Okay, OUAT, nice try but even going to my comfort zone of Greek mythology isn't going to work in saving this episode. Like in the flashback there is little here to talk about that is of interest except the plot, apart from one thing that does make my myth-loving side tingle. So let's spit ball some ideas about where this is going. The appearance of the Fury and Charon in his boat signals the reality of the Underworld; it exists here in the Onceiverse and I am going to wager that we'll see it again. In fact, I think I just figured out how the season is going to end--Emma is going to have the Darkness sucked out of her by the Fury, but with the Darkness also goes her soul and down down down goes the Savior into the Underworld. What then? Oh, only one of my favorite classic tropes: the katabasis. I had thought that the show would use this half of the season to be Emma's katabasis, though with a less literal descent into the Underworld. But, it might be that they will go super traditional and have their heroine literally descend into the Underworld and have to face down death (in the form of a fast talking Hades a la James Woods) before resurfacing, the mistress of both words, a Savior fully realized. That's how you end the series and it's one I could get behind so long as Emma saves herself and the writers don't dip into their Greek mythic bag and make Hook out to be like some sort of Orpheus figure going down into the Underworld to find his Eurydice. If the writers really want to bring this full circle, then they will give Snow a bigger role to play (should this prediction come to pass) and stage it as a successful Demeter and Persephone story where Demeter can save her child for more than six months of the year. Emma saved Henry and therefore saved everyone. Snow saves Emma and therefore saves everyone. Parallels! Like I said last week, if done right, meaning without any of the writers tendencies to insert those annoying flashy and tweetable moments, then it could really be something. It could be mythic and interesting and in line with how stories are told. Sadly, Zelena is still around (if mute) which means we aren't likely to get a heartfelt and deep story. And that' That's all I got for this episode; a plot heavy, uninteresting, CGI eyesore that sets up potential plot but loses that solid ground it found last week. So it goes here in the Onceiverse.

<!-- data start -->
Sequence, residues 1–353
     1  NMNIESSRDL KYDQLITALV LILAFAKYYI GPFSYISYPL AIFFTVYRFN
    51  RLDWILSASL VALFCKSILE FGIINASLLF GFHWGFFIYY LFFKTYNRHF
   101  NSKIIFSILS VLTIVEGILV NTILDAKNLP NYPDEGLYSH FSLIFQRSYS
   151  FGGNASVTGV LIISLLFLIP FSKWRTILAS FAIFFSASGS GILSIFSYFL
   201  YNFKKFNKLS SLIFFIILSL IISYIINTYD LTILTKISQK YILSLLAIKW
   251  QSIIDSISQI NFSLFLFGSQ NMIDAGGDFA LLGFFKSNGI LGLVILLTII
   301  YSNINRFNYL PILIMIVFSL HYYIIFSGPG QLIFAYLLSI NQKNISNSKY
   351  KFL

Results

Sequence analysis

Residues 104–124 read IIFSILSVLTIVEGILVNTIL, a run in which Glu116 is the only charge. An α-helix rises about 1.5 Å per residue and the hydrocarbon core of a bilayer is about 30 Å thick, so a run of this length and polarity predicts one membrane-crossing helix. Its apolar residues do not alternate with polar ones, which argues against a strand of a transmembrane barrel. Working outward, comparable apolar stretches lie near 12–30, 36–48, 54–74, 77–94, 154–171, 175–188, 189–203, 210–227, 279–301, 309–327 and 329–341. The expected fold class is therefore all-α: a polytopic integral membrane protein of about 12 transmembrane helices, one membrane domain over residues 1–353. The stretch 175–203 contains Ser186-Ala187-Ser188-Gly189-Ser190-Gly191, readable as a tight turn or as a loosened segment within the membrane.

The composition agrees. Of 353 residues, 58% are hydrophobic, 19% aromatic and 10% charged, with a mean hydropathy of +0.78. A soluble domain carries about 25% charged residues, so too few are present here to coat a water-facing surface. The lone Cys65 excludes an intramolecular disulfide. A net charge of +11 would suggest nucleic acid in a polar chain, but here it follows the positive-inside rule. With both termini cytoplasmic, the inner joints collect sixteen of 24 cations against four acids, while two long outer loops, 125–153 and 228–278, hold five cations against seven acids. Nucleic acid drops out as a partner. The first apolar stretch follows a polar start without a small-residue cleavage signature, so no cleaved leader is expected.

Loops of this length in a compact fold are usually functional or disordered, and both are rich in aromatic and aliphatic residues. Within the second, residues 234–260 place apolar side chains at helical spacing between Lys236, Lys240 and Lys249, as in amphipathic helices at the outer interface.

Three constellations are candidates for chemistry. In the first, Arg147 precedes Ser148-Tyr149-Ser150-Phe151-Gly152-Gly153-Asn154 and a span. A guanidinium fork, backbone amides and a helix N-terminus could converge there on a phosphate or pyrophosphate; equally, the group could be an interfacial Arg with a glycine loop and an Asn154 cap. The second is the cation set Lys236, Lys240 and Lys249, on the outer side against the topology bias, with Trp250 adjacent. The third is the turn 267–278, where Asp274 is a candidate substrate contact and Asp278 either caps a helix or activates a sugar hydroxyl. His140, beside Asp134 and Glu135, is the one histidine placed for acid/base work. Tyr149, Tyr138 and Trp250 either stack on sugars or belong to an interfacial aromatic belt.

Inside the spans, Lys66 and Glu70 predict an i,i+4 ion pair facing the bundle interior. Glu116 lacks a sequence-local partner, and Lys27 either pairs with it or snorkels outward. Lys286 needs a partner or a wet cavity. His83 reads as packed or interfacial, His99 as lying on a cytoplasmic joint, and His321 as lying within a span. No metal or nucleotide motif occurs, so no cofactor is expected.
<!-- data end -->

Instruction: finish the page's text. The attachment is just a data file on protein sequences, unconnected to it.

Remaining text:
Miscellaneous Notes on The Price

--A dwarf became a tree. To quote Regina, "well,that's new."

 --The CGI for Camelot might be the worst CGI on the show. I can't decide if it's this or Arrendale.

--Rumple chose power over love. Well, yes but also no. He needed his power to find a certain little boy named Bae. But, oh right, he doesn't exist on this show anymore and Rumple is just "evil." My bad! Remember when character motivations were really complex and interesting?

--Emma Swan is like Bloody Mary or Beetlejuice; you have to say her name three times to get her to appear.

--Snow and Charming will die with Regina, leaving their newborn son an orphan. Parents of the year, right there. 

--Trees like tacos.

--Henry has a crush because instead of finding him a friend, we went straight to romance.

--Silent Zelena is the only good Zelena.  

--True Love's Kiss: Denied!